The premise of this program is to do multiple get-ups in a row, without resting the kettlebell. You will perform one full get-up, bring the kettlebell back down to the supine position with your arm pressed, and then roll straight back to the elbow for rep two. And then three.
If the get-up offers all we say it does (and it does), why are we not using the way we use the other foundational lifts of swings, cleans, and snatches? Provided that form is dialed in, the function of the get-up can be repeated for greater results. Building now not only strength and mobility, but also conditioning due to the increased time under tension.
How to Progress Safely and Effectively
It can be tricky to progress any lift. Staying safe while increasing load, volume, and/or intensity is essential. But we can’t be so cautious that we never get any iron over our heads. The following program progresses accurately and safely to create gains across multiple other lifts.
The program assumes you can perform a single get-up on both arms, with form that meets the StrongFirst technique standards. If you are not able to do so, this is not the program for you right now.
The next assumption is that you are willing to dedicate a significant portion of every training session to the get-up for five days each week. As the saying goes, “If you want to press a lot, you must press a lot.” The same is true for the get-up. The bonus here is that you will also be able to press a lot (among other things) at the end of this get-up driven program.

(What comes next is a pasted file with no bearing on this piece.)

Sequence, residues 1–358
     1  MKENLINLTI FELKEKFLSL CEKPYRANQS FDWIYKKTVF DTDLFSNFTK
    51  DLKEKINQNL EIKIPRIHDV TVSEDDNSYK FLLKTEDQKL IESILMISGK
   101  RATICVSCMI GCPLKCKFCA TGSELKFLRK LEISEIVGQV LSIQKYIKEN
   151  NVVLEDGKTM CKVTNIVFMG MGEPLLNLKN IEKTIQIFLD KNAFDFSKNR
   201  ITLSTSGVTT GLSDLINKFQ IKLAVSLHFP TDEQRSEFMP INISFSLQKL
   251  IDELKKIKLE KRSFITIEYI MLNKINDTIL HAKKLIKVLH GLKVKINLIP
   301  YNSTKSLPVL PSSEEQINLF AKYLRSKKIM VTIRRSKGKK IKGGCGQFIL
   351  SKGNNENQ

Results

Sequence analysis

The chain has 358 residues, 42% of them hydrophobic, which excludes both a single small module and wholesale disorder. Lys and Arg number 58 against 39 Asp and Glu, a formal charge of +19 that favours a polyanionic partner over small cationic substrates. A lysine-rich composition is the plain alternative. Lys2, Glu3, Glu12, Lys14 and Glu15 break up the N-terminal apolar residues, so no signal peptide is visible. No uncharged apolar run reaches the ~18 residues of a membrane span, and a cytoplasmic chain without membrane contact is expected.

How to Start
To begin, safely test your one-rep-max get-up. Get a spotter to help, employ the help of an SFG Instructor, or video your lift. If the lift looks bad, then it’s a no-rep. This 1RM number needs to be accurate to calculate your program percentages.
For the purpose of this article, I have assumed that 48kg and 24kg are the achieved 1RM for men and women respectively. This may be off for you, and if your 1RM is below 16kg, then your time will be better spent dialing in your technique with practice of single repetitions.
If your 1RM is different from left to right, choose the lower of the two and train the same percentages on each arm. This will go some way to helping you even out the imbalance.
- Phase 1: Practice—Weeks #1-4 are the practice. You’ll get acclimated with the sheer volume of the movement. Grip, wrist pressure, and shoulder stabilizers must acclimate to the rigors of increased density safely and without exhaustion. Leave your ego at the door and stick to the plan.